slice sender_address = cs~load_msg_addr();
return sender_address;

Recipient’s Address

We will take the address from the contract’s data. We have already discussed this in previous lessons.

We will use:
get_data - retrieves a cell from the contract’s data.
begin_parse - converts the cell to a slice.
load_msg_addr() - loads a prefix from the slice that is a valid MsgAddress.

As a result, we get the following function:

slice load_data () inline {
  var ds = get_data().begin_parse();
  return ds~load_msg_addr();
}

We just need to call it:

slice load_data () inline {
  var ds = get_data().begin_parse();
  return ds~load_msg_addr();
}

slice parse_sender_address (cell in_msg_full) inline {
  var cs = in_msg_full.begin_parse();
  var flags = cs~load_uint(4);
  slice sender_address = cs~load_msg_addr();
  return sender_address;
}

() recv_internal (int balance, int msg_value, cell in_msg_full, slice in_msg_body) {
  slice sender_address = parse_sender_address(in_msg_full);
  slice owner_address = load_data();
}

Check Equality of Addresses

According to the task, the proxy should not forward a message if it comes from the owner. Therefore, we need to compare two addresses.

Comparison Function

Some functions are not declared in the standard library, so they have to be manually declared using TVM instructions.

FunC supports defining a function in assembly (referring to Fift). This is done by defining the function as a low-level TVM primitive. For the comparison function, it will look like this:

int equal_slices (slice a, slice b) asm "SDEQ";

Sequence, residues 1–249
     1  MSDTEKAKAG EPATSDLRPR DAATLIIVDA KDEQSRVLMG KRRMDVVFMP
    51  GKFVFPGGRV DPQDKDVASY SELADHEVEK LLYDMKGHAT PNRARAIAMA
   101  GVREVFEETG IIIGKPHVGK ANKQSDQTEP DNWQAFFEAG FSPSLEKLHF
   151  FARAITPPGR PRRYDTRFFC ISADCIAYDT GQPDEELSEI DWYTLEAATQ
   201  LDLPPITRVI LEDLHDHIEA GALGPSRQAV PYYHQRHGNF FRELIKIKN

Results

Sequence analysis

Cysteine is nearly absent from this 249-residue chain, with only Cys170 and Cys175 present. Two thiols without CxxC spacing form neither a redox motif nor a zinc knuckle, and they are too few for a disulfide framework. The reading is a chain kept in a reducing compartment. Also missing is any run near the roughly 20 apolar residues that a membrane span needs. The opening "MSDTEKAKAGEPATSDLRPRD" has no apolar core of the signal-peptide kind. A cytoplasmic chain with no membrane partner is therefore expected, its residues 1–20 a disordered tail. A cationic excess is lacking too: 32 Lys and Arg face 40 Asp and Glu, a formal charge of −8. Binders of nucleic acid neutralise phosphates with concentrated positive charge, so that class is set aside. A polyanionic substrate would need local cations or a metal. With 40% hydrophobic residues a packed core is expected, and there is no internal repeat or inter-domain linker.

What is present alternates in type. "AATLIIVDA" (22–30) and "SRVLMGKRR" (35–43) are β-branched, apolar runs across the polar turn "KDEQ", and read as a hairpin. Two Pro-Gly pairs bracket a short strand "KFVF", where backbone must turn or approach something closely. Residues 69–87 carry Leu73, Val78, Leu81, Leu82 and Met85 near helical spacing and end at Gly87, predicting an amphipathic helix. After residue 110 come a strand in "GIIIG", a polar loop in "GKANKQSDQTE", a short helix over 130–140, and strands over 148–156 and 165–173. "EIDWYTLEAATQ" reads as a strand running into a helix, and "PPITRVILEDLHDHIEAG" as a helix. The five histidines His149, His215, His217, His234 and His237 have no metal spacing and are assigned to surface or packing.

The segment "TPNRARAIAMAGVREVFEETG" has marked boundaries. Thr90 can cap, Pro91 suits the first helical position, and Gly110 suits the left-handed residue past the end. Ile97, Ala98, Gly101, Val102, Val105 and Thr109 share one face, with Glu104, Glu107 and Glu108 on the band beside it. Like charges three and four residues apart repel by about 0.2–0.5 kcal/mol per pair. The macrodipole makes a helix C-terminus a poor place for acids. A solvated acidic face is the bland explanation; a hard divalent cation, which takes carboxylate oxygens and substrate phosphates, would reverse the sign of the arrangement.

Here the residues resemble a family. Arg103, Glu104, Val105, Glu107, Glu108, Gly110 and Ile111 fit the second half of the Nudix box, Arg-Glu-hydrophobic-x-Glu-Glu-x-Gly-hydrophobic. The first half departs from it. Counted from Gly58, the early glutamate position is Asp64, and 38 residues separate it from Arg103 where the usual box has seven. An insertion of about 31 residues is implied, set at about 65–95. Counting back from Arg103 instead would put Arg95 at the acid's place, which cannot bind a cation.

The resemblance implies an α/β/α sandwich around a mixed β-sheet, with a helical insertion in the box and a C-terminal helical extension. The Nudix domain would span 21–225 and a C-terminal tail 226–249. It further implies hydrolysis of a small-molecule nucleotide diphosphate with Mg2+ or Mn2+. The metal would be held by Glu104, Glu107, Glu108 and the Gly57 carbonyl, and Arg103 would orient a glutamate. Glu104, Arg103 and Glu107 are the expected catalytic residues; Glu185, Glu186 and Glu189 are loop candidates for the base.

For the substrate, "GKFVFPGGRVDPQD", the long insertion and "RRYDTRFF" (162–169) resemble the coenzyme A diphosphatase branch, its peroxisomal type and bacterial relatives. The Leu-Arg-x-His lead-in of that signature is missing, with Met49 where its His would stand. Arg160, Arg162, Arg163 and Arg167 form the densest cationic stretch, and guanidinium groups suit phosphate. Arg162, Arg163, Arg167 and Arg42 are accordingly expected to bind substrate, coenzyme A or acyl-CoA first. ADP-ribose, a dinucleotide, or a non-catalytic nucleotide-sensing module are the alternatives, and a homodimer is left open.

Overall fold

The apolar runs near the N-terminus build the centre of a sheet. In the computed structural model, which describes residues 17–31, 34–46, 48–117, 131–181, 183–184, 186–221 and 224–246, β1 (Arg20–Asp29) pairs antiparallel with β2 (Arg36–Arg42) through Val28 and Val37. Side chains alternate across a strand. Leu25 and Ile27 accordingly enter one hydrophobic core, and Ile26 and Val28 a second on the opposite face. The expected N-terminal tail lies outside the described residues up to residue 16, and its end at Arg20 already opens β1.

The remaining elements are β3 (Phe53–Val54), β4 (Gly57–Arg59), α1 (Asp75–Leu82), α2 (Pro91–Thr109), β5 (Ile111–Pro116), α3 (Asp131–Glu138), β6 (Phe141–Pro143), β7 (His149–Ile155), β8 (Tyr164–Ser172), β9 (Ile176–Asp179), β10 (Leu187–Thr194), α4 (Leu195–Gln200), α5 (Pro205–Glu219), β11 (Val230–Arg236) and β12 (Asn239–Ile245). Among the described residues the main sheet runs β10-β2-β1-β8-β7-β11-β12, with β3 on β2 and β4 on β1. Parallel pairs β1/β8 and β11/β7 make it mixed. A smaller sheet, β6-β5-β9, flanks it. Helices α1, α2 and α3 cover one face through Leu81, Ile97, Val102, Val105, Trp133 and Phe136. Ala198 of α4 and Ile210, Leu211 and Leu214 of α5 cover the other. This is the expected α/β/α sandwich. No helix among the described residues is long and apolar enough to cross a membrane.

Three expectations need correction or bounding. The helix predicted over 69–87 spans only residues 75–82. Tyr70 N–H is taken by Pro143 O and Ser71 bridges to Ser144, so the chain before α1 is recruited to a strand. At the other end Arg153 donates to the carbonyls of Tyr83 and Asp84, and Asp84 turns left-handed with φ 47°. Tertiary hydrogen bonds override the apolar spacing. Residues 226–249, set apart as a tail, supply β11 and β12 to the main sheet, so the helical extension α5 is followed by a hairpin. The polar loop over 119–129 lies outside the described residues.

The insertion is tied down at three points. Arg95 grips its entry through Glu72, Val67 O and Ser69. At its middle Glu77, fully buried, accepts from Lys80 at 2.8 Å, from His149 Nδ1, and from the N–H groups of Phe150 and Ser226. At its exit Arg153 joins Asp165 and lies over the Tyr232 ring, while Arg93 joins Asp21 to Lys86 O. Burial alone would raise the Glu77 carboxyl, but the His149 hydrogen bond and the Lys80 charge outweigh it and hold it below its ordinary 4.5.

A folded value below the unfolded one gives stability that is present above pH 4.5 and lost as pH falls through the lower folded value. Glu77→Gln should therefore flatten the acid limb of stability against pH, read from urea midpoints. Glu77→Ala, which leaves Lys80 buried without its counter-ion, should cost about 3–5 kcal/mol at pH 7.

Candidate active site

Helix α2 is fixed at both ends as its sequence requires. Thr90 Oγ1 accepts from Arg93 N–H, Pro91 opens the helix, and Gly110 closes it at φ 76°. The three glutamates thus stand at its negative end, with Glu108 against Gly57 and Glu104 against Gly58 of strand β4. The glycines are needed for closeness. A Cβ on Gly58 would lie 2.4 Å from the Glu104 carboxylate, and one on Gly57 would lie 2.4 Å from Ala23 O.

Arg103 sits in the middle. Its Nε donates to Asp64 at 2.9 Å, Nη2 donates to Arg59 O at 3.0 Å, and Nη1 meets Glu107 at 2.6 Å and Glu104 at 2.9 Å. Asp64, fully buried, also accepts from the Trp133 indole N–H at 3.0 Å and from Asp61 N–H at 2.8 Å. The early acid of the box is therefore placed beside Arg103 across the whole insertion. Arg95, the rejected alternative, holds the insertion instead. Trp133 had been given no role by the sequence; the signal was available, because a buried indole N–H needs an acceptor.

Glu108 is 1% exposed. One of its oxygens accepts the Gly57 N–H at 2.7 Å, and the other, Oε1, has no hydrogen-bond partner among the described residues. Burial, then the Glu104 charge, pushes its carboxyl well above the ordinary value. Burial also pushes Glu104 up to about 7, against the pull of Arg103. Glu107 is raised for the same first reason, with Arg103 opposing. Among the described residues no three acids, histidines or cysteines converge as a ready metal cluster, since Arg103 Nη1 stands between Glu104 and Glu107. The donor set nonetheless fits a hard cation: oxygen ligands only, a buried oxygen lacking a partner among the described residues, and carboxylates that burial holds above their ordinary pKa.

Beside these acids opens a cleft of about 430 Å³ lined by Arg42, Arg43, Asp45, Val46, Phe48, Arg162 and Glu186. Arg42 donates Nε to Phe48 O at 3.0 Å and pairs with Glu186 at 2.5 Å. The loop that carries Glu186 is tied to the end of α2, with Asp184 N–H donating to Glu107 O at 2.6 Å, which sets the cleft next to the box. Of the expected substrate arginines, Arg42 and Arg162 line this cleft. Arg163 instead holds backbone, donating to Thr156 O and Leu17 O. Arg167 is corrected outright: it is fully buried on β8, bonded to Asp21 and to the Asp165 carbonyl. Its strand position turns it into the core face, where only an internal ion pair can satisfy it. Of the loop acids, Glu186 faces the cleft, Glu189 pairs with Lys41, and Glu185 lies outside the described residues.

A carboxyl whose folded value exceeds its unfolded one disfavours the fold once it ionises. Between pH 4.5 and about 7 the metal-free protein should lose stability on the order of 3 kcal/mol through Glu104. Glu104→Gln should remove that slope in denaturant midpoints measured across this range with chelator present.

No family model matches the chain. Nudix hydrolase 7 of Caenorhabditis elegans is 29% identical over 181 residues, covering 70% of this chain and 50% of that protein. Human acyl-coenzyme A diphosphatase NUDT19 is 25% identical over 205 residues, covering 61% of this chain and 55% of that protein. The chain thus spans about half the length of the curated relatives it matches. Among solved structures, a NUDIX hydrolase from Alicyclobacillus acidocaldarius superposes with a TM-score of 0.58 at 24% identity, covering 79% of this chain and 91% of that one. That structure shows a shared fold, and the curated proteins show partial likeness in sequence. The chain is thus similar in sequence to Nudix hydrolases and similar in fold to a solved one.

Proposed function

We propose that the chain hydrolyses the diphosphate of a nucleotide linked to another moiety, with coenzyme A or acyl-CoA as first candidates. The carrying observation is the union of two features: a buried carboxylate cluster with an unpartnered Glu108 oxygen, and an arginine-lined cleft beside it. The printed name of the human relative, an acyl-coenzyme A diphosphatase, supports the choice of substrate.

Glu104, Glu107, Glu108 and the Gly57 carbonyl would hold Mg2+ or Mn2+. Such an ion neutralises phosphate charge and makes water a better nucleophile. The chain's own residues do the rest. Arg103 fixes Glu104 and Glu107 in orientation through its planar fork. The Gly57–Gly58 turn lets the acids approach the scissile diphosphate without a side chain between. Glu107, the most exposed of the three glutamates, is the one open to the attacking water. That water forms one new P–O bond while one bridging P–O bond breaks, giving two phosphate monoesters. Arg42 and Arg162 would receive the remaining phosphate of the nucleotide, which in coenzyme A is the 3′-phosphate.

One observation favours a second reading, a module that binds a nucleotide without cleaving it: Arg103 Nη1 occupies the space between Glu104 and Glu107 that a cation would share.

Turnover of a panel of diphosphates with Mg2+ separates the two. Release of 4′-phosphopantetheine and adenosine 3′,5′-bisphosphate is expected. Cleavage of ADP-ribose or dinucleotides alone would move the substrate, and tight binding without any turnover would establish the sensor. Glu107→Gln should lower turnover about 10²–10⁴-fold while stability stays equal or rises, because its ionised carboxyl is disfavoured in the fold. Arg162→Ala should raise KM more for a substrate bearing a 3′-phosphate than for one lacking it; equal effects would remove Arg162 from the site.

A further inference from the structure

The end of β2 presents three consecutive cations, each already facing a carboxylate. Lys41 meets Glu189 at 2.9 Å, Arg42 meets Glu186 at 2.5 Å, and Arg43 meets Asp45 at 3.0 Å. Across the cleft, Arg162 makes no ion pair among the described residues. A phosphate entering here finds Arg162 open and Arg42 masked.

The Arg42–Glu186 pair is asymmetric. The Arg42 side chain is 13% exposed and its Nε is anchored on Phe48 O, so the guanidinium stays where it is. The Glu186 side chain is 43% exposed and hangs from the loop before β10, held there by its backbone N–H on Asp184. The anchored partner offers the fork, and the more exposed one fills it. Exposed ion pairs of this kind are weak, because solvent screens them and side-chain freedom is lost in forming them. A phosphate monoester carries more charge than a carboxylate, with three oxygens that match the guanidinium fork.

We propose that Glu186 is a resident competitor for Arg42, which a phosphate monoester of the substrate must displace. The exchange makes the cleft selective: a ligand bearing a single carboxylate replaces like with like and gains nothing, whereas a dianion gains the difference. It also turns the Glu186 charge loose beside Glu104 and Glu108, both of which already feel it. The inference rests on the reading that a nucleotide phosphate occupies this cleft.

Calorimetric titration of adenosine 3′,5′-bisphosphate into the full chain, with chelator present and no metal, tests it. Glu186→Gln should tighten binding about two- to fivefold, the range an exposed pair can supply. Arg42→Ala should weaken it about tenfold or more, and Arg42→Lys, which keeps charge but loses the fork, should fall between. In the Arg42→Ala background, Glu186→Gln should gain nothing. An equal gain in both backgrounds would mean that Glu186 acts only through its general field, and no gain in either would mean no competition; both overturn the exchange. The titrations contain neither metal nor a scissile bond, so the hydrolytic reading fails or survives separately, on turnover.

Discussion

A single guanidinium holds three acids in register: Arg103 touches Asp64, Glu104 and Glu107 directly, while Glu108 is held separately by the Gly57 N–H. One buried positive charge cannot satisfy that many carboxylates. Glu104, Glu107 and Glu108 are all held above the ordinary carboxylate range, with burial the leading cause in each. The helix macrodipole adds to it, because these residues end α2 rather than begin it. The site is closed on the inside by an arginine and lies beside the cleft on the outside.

As you can see, the asm keyword is used.

Unary Operator

Now we will use our equal_slices function in an if statement:

() recv_internal (int balance, int msg_value, cell in_msg_full, slice in_msg_body) {
  slice sender_address = parse_sender_address(in_msg_full);
  slice owner_address = load_data();

  if  equal_slices(sender_address, owner_address) {

   }
}

But the function checks for equality, how do we check for inequality? Here the unary operator ~ can help, which is the bitwise “not”.

Now our code looks like this:

int equal_slices (slice a, slice b) asm "SDEQ";

slice load_data () inline {
  var ds = get_data().begin_parse();
  return ds~load_msg_addr();
}

slice parse_sender_address (cell in_msg_full) inline {
  var cs = in_msg_full.begin_parse();
  var flags = cs~load_uint(4);
  slice sender_address = cs~load_msg_addr();
  return sender_address;
}

() recv_internal (int balance, int msg_value, cell in_msg_full, slice in_msg_body) {
  slice sender_address = parse_sender_address(in_msg_full);
  slice owner_address = load_data();

  if ~ equal_slices(sender_address, owner_address) {

   }
}

Sending a Message

Now we just need to fill in the body of the conditional statement according to the task, which is to send the incoming message.

Message Structure

You can familiarize yourself with the full message structure here. But usually we don’t need to control every field, so we can use the concise form from the example: